As the size of mega box ships has steadily increased, so has the level of difficulty in handling casualties involving them. A special 32 page edition of the Standard Club bulletin has been published and looks at the different legal, technical and practical considerations.
Ultra large container ships, or mega box ships as they are commonly called, can have a carrying capacity in excess of 20,000 TEU (twenty foot equivalent units) and are frequently in excess of 14,500 TEU. This can have a considerable impact in the event of a casualty. In particular, the global shipping and insurance markets have expressed concern regarding the firefighting capability of these ships, which has not necessarily kept pace with their increasing size. It can be extremely difficult to find suitable ports of refuge to accommodate these ships and which have infrastructure capable of handling the number of containers on board.
There are also concerns about the difficulty and cost involved in carrying out a salvage or wreck removal of a mega box ship due to their size and the lack of suitable heavy-lift cranes/floating sheerlegs.
The Standard Club has had first-hand experience of dealing with mega box ships casualties, having handled the MSC Chitra, the MSC Flaminia and, more recently, the Maersk Honam. On 6 March 2018, the 15,000 TEU Maersk Honam (which was carrying 7,860 containers) caught fire whilst sailing in the Arabian Sea, which tragically resulted in the death of five of its crew. It took five days to bring the fire under control and a further seven weeks before the ship could be towed to a suitable port of refuge – Jebel Ali in the United Arab Emirates. The fire destroyed cargo in almost 2,000 containers in the ship’s first three holds and led to a complex and challenging operation to remove and dispose of the waste, which is still ongoing over a year after the incident.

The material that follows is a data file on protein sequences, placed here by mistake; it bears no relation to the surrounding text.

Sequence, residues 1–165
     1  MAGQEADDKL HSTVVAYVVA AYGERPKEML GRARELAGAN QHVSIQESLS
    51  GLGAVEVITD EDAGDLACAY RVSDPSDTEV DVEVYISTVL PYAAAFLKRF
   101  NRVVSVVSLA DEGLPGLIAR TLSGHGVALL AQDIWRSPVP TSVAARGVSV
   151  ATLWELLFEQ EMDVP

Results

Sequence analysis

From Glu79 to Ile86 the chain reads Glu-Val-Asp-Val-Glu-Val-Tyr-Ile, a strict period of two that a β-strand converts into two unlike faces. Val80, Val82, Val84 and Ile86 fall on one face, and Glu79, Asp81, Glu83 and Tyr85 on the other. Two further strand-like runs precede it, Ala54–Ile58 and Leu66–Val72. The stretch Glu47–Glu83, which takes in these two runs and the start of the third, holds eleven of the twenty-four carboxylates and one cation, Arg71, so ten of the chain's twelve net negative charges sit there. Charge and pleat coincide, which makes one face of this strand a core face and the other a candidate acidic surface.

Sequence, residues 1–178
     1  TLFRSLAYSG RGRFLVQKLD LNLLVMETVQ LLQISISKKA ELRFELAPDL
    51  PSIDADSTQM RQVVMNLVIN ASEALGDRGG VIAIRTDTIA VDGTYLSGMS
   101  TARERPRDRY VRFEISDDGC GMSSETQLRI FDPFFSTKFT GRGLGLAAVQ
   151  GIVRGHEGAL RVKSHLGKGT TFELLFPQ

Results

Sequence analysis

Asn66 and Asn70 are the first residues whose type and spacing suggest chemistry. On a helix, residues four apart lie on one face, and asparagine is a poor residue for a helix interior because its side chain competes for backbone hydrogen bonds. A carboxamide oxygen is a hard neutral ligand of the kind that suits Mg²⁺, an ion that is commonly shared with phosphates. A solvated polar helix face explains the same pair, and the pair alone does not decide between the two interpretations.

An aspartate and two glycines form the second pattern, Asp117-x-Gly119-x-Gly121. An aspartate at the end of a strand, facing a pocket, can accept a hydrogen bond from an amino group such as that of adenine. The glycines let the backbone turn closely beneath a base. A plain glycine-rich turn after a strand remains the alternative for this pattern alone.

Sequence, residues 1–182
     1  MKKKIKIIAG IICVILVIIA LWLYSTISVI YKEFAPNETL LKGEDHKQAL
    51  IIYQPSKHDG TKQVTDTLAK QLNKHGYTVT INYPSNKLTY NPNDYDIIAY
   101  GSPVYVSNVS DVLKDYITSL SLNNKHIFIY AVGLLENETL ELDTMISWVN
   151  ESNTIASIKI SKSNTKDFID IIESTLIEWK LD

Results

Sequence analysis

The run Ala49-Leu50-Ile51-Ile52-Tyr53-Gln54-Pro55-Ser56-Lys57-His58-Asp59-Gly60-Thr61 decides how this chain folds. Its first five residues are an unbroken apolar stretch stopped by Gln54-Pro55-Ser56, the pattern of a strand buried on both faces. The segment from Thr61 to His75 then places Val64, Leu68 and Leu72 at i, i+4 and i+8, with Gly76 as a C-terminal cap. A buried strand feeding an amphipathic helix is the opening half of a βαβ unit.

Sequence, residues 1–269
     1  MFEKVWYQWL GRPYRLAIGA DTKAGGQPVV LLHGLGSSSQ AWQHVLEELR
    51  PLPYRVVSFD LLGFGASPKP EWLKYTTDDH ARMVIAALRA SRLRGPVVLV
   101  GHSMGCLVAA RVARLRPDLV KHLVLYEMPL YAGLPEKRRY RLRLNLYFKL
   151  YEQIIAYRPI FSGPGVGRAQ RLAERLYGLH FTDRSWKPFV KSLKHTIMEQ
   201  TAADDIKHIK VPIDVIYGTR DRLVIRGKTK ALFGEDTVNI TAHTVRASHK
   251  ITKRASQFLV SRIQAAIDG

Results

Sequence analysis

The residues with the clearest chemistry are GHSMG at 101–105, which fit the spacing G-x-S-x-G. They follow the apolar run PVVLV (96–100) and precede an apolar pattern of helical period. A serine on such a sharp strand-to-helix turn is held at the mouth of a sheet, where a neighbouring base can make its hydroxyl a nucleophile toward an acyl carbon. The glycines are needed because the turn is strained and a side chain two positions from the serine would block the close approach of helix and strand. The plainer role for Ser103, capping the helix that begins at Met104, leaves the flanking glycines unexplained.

The articles in this bulletin provide an overview of the various legal, technical and practical issues that may arise in a mega box ship casualty. In the leading article, Standard Club provides an outline of how P&I insurance can respond to the various third-party liabilities that can arise from such a casualty on mega box ships.
Simon Burnay (Waves Group) tackles the technical challenges during the initial response phase of the casualty, highlighting the importance of having an accurate container stowage plan if cargo lightering operations are required to refloat the vessel or tow it to a port of refuge. Nick Barber (Stephenson Harwood) then examines the difficulty of identifying a suitable port of refuge given the size and draft of mega box ships and the number of containers on board. Since General Average (GA) may be declared following such a casualty, Amy O’Neill (RHL) examines the principle of GA and how it will be applied. This is followed by a review of the challenges involved in post-casualty management of the cargo by Gianluca Rolff (TMC). Richard Janssen (SMIT) then provides an insight into handling the casualty from the perspective of a salvor and Nick Haslam (Brookes Bell) describes the role of the Special Casualty Representative (SCR). Daniel Jackson (Burgoynes) goes through investigating the causation of a fire on board a mega box ship and Tim Wadsworth (ITOPF) addresses pollution aspects. John Dolan (The Standard Club) follows this up by providing an insight into the shipboard response to the casualty. Marina Taouxi and Tony Goldsmith (Hill Dickinson) summarise the shipowner’s legal right to limit its liability in respect of cargo claims and other liabilities that can arise, including collision, personal injury and wreck removal. Tom Peter Blankestijn (Sea2Cradle) reflects on the implications when the ship itself or hazardous materials on board need to be disposed of under international waste regulations. Lastly, Mark Clark (MTI Network) provides an insight into the role of the media consultant and how they can assist when shipowners are handling such a casualty, since it is likely to provoke intense media scrutiny.

Download the Mega box ship bolletin in